Israeli Military Reorganizing Its Cybersecurity Operations

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An IDF course for cyber-defense in Ramat Gan. Credit: Alon Ron

Israel Defense Forces Chief of Staff Gadi Eisenkot has decided to establish a command dedicated to cyberwarfare by the end of the army’s current multiyear plan ending in 2020.

Initially, it was thought that the command would bring together personnel from the IDF’s Intelligence Branch and Teleprocessing Branch, including defensive and offensive functions and intelligence gathering in the field of cybernetics.

Now, however, a senior IDF officer has said the army is still deliberating over whether to put all these operations under the responsibility of the cybersecurity command, or to leave the intelligence gathering and offensive operations in the hands of the Intelligence Branch, as is currently the case. This would maintain separation between defensive and offensive cybersecurity fields.

There have been power struggles between the Intelligence Branch and the Teleprocessing Branch against this backdrop and over the question of authority and control of the field.

The new decision places the IDF cybersecurity command, which is headed by Brig. Gen. Yaron Rosen, a helicopter pilot, under the responsibility of the Teleprocessing Branch. Up to now, it reported to the deputy chief of staff.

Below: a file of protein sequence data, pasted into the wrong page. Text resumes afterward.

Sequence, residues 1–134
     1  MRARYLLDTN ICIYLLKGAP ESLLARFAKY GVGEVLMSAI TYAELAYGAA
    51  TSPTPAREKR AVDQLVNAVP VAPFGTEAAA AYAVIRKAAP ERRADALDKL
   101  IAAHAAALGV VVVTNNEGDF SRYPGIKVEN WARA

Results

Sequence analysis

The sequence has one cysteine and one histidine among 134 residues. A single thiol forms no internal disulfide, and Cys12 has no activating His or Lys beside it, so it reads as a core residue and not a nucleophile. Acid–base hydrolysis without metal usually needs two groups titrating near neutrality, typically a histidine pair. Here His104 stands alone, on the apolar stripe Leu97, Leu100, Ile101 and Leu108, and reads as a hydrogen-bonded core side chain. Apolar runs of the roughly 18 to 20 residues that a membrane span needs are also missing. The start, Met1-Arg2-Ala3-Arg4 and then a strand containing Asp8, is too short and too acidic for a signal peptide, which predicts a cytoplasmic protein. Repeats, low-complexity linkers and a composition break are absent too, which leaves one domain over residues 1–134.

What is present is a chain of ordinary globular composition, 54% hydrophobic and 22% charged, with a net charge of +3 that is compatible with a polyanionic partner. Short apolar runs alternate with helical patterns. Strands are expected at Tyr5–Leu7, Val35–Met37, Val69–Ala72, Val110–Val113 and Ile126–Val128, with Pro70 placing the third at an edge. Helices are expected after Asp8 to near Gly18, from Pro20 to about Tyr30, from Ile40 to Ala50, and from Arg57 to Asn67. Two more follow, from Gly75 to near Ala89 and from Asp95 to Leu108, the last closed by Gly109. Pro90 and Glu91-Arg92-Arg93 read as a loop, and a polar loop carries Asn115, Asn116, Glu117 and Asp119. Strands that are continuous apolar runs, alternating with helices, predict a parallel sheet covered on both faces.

Following the latest approvals last Friday by Eisenkot, the composition and operations of the Teleprocessing Branch will change and focus on cybersecurity, connectivity and networking. It is possible that the classic field of two-way communications, which was part of the corps’ responsibility, will be transferred to the Ground Forces Command, which is also now being reorganized as part of its merger with the Technology and Logistics Branch.

Because of these changes, the Teleprocessing Branch will probably change its name. Based on Eisenkot’s decision, planning branch staff will finalize the matter in the coming months. Information gathering and offensive aspects of the field are to remain in the Intelligence Branch.

“This is something that we very much don’t want to cause harm to, because we have superiority [in intelligence gathering through the use of cybernetics], which serves us and generates dividends for the State of Israel,” the officer said.

In the context of organizing the IDF’s operations in the cybersecurity field, Israeli army representatives meet with representatives of the American and other involved countries’ armies. “There is cooperation with a number of countries around the world, involving study and reciprocal visits. We have [also] held war games and simulations,” the officer said, adding that in the meetings with the foreign armies, they have shown interest in two primary fields in which the IDF is involved – fighting terrorism and military cybersecurity.

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